Talking about the latest on home prices from Case-Shiller, foreclosures and the Fed cutting back more on Quantitative Easing…
Lots of big news for real estate to cover with everything from several reports on foreclosures to home prices and what may turn out to be the biggest…more tapering of Quantitative Easing by the Federal Reserve. Let’s jump right in!
Case Shiller Home Price Index
Yesterday, one of the big boys in tracking US home prices was released: the S&P/Case-Shiller Home Price Indices for November 2013 (“November” is a 3 month average of September, October and November prices). They have 2 numbers I watch, their 10 and 20 cities composite indices.
- The 10-City Composite increased 13.8% year-over-year
- The 20-City Composite increased 13.7% year-over-year
- For the month of November , the two Composites declined 0.1%
- After 9 consecutive months of gains, this is the first decrease since November 2012
David M. Blitzer, Chairman of the Index Committee at S&P Dow Jones Indices said
November was a good month for home prices. Despite the slight decline, the 10-City and 20-City Composites showed their best November performance since 2005. Prices typically weaken as we move closer to the winter.
Home prices continue to rise despite last May’s jump in mortgage interest rates. Mortgage applications for purchase were up in recent weeks confirming home builders’ optimism shown by the NAHB survey. Combined with low inflation (1.5% in 2013) home owners are enjoying real appreciation and rising equity values. While housing will make further contributions to the economy in 2014, the pace of price gains is likely to slow during the year.
Now check out the charts for home prices according to Case Shiller:
S&P Case Shiller 20 City Home Price Index
S&P Case Shiller 10 City Home Price Index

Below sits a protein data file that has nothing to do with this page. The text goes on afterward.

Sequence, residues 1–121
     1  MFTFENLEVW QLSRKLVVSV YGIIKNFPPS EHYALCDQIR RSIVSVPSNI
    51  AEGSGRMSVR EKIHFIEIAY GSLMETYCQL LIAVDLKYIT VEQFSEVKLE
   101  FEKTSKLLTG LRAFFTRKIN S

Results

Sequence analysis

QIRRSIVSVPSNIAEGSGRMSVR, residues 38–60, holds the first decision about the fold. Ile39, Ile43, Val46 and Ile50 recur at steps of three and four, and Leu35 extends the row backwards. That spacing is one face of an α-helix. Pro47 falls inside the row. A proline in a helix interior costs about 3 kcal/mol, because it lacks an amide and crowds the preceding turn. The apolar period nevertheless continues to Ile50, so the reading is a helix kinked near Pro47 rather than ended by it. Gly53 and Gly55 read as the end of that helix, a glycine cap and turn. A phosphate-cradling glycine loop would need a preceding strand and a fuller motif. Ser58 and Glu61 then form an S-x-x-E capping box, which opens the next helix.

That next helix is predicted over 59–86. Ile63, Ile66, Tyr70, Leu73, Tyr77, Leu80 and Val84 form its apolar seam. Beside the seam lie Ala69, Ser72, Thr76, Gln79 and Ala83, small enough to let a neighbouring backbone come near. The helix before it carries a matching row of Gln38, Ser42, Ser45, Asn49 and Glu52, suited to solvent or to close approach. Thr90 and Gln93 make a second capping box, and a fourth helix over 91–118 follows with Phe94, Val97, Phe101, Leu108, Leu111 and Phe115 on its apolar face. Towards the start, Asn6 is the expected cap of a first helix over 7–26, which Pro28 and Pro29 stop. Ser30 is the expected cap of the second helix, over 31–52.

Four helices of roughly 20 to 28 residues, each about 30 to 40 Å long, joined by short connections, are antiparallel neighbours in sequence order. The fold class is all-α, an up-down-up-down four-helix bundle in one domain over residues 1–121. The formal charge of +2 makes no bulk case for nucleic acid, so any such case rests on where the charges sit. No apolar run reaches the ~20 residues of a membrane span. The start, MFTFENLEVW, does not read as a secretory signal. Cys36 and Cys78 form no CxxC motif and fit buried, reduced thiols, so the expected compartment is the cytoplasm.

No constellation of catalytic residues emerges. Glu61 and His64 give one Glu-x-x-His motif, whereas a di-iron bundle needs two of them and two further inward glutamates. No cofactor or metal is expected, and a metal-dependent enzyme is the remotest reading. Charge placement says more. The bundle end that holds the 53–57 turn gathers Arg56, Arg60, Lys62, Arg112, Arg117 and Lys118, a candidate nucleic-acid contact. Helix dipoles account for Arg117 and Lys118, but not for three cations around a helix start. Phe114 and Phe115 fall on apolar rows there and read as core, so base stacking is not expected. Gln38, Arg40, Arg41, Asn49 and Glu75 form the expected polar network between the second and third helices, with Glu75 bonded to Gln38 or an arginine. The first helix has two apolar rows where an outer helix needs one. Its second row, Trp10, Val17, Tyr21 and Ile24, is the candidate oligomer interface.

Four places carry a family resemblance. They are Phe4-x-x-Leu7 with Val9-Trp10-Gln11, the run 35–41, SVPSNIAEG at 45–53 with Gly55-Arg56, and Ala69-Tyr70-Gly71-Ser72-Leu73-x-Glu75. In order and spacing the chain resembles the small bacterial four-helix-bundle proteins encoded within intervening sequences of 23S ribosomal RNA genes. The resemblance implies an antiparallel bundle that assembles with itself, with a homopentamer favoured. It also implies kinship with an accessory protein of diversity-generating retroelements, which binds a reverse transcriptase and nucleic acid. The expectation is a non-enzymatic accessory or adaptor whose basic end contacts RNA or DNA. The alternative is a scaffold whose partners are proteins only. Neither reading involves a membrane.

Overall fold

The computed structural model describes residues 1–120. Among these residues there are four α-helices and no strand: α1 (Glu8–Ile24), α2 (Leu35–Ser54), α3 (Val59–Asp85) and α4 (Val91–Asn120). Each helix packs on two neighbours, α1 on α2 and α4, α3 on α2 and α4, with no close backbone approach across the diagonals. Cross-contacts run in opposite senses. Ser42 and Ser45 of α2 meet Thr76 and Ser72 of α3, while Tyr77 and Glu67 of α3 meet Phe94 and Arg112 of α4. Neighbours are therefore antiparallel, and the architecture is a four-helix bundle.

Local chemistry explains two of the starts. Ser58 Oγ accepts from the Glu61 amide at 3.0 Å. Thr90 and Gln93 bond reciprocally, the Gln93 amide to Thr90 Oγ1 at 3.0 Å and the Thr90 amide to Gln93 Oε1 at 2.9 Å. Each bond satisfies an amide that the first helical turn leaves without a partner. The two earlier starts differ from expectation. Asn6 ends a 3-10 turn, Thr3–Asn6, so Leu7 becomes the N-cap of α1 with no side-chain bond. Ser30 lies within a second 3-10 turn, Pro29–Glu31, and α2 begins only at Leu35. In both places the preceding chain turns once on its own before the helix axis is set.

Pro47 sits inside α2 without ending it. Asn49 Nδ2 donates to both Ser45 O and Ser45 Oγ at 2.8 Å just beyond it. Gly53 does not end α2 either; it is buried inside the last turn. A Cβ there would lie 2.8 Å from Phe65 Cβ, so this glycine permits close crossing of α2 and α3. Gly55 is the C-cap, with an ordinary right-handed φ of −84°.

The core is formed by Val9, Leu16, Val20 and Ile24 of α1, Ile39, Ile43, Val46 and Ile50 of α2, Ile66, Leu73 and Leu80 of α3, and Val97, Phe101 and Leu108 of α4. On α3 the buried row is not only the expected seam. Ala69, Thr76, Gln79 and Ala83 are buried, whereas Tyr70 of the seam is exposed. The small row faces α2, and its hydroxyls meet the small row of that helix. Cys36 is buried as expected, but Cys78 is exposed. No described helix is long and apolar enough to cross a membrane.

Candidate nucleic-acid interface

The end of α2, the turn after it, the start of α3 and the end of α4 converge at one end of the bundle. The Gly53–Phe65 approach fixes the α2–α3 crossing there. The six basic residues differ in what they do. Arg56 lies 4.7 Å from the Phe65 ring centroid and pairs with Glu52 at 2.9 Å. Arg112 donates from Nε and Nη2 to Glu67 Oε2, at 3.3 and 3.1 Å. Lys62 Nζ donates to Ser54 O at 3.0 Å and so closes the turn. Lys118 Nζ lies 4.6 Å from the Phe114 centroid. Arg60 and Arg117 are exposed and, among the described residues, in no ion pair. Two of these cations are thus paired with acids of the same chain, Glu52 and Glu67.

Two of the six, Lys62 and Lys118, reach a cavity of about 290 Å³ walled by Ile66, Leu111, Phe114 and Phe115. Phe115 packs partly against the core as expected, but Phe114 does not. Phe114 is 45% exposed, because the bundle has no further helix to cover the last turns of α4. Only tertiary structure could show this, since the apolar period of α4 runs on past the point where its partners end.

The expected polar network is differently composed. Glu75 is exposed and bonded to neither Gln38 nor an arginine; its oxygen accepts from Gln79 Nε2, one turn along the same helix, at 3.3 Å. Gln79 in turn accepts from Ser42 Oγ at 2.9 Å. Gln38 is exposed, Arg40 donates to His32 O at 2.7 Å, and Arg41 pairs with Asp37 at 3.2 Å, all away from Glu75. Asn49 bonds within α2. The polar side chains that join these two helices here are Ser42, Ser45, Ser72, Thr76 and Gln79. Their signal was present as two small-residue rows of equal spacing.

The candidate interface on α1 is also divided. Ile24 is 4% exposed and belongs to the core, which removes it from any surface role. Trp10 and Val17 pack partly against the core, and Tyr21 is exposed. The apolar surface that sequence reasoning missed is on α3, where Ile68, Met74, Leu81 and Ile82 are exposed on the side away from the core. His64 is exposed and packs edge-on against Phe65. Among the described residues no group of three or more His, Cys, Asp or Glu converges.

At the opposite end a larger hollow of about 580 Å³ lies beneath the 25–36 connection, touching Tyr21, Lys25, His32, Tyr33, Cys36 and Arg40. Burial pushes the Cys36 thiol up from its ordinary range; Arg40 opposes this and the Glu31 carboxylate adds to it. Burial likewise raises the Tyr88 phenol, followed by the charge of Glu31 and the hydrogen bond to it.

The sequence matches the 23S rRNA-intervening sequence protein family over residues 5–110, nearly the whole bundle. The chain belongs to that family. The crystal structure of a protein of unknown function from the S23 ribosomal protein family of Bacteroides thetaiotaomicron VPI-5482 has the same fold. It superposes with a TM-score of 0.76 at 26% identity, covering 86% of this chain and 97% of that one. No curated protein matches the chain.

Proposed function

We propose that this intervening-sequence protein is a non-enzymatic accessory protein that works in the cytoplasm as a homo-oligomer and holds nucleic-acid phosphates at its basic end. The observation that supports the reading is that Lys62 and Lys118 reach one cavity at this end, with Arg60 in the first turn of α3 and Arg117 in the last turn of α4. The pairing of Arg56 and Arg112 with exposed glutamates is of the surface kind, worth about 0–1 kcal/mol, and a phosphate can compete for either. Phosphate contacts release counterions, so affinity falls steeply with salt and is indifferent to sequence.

Overall, I would say this is great news for real estate. Especially their prediction that the rapid pace of increasing home prices should slow down.
I sometimes fear house prices have been increasing too fast. However, since home prices are back to the mid-2004 level according to Case Shiller, I guess I shouldn’t be too worried.
Speaking of Confidence
I guess I am not alone in feeling a little worried about the economy. Why?
Check out some of the latest reports about how people are feeling:
- Gallup reported that Economic Confidence fell
- The Thomson Reuters and the University of Michigan Consumer Sentiment Index fell
But I must point out that the latest Consumer Confidence Index from the Conference Board increased . So which one is right?
I could point out that the latest NAR REALTOR® Confidence Index was well…subdued. Not really bad just not full of the hope and optimism you would expect.
Understandable if you consider the latest data on…
You can see why people are feeling uneasy. Sure the latest numbers from the BLS did show improvements in 39 states. And yes the unemployment rate did drop to 6.7% in December. However…
You need to look at the Labor Participation Rate. This is more accurate in tracking how many people are working. Check out the chart:
Labor Force Participation Rate